While although this book specializes on giving advice from different experienced game jam developers, anyone looking for advice on creating games, how to manage everything that needs to be done, and how to prioritize and maximize their time on their project would find this extremely helpful.
It covers pitfalls that any game developer will run into, such as having to cut mechanics due to time, focusing on doing a few things very well vs. lots of things not as well, counting in time for things you might not have planned on, such as adding sound, packaging your game to distribute before the deadline, and planning on things usually going wrong.
Aside from avoiding pitfalls, he also introduced you to resources to improve the speed at which you can create games, such as free sound sites, resources for finding game frameworks/engines, and the best ways to prepare for a game jam (which contrary to what it sound like, does not mean starting from scratch after the game topic has been announced).
I would recommend it for anyone interested in participating in a game jam, building their own game, or interested in what goes into creating a game, and the types of things you’ll have to plan on, and ways of avoiding pitfalls which may keep your game from being completed.
You can pick up the book here:
This book contains many recipes for actions you will want to do, while working with the UDK. The books encompasses recipes on everything from installing the UDK, working with BSP’s, importing and using your 3d models and animations into the UDK, and using Kismet for visual scripting, as well as much more.
I would recommend this book for someone who has experience using the UDK, but would recommend looking through the table of contents to see everything the book covers, for recipes they would be interested in. There is a lot of good information, which can help bring extra details and polish to your UDK projects.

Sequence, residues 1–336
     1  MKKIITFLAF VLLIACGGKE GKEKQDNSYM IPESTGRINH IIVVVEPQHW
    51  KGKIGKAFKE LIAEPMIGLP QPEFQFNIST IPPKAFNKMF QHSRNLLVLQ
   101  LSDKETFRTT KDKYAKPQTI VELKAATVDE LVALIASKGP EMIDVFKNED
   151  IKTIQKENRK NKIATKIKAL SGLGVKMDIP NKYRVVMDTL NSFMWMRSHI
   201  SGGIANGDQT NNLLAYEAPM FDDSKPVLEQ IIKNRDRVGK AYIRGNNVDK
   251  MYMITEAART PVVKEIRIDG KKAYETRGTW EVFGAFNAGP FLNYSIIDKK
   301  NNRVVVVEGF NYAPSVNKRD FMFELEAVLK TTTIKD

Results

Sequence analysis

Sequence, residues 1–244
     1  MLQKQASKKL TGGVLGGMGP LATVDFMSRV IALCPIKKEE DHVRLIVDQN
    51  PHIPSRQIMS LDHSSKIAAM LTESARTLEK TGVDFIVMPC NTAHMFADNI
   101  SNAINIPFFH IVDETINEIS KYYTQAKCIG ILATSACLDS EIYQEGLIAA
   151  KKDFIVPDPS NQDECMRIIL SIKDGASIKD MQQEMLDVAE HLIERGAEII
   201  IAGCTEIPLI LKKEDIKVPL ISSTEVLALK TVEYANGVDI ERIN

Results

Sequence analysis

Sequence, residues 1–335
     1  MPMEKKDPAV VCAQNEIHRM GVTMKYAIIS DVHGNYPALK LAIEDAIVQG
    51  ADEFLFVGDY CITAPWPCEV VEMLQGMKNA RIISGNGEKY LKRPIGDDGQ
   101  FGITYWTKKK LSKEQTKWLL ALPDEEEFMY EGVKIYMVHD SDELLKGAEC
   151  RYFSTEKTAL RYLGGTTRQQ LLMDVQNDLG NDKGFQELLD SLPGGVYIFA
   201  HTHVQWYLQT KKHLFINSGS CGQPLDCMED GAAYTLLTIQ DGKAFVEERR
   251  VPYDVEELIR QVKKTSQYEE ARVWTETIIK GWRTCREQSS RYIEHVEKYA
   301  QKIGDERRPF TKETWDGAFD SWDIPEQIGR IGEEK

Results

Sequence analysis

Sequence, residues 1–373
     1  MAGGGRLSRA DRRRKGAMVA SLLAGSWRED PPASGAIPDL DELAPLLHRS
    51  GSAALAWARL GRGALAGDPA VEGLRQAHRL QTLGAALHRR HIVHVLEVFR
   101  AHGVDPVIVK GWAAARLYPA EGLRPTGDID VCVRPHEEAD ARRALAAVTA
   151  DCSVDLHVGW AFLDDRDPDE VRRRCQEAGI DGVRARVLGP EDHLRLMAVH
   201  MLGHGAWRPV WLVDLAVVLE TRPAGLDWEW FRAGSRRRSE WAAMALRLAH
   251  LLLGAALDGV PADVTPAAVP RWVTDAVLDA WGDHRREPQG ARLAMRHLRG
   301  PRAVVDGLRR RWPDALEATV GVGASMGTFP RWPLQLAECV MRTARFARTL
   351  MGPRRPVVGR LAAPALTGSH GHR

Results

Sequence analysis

You can pick up the book here:
This is a great book to get started with the Android NDK. It’s definitely aimed at someone who has some experience developing on Android already, and has had some programming experience in C++. I hadn’t used the NDK previously, so appreciated the chapters on setting it up for Linux, Mac and Windows.
I liked that it provides information for interfacing OpenGL from C++, and integrating both Box2d, and the Irrlicht open source 3d game engine.
This book would be very helpful for anyone trying to either integrate an existing C++ library to use on Android, or for game developers, trying to push better performance from Android devices.
You can pick up the book here:
Great amount of information for working with Unreal scripting!
I am a beginner to Unreal scripting, and had not realized how involved it
could be. This book helps you with setting up everything you need to
get started, installing the UDK and external programs for script
editing/compiling, and setting up a project.
The book appears to be aimed more so at beginners, with information about
basic programming types, functions and states, albeit how to use them in
UnrealScript. It does include some more advanced concepts, such as
working with multiplayer, but it’s primary purpose is to give a good
base for learning how to use UnrealScript.
Overall, it contains a ton of information on using UnrealScript, and would be
useful for any looking to become very familiar with it.
Great book for beginners to game programming!
Thebook is aimed towards beginners starting out in game programming. Visual basic is one of the easier languages to get started in, and XNA is a well known game framework, so it is an excellent place for beginners to start.
The book starts out with an introduction to XNA, and how to set it up on
your machine for development. The author explains everything he adds to
the code, which makes it easy to understand what each addition does.
The first game is created in chapter 2, so the author quickly gets into actually creating games fairly quickly, while introducing important concepts such as sprite sheets and tile based games.
The following games continue to introduce important concepts, from collision detection to the A* pathfinding algorithm, and even using a map editor to make levels for a side scrolling mario-esque game!
I would definitely recommend this book to beginner and intermediate game programmers. The amount of important concepts introduced in this book would give you a great start to developing more advanced games in the future, and the concepts will still be useful for any 3d games. It
doesn’t matter so much what language you start out programming, just learning the game programming concepts will get you started regardless of what language you eventually choose to develop in.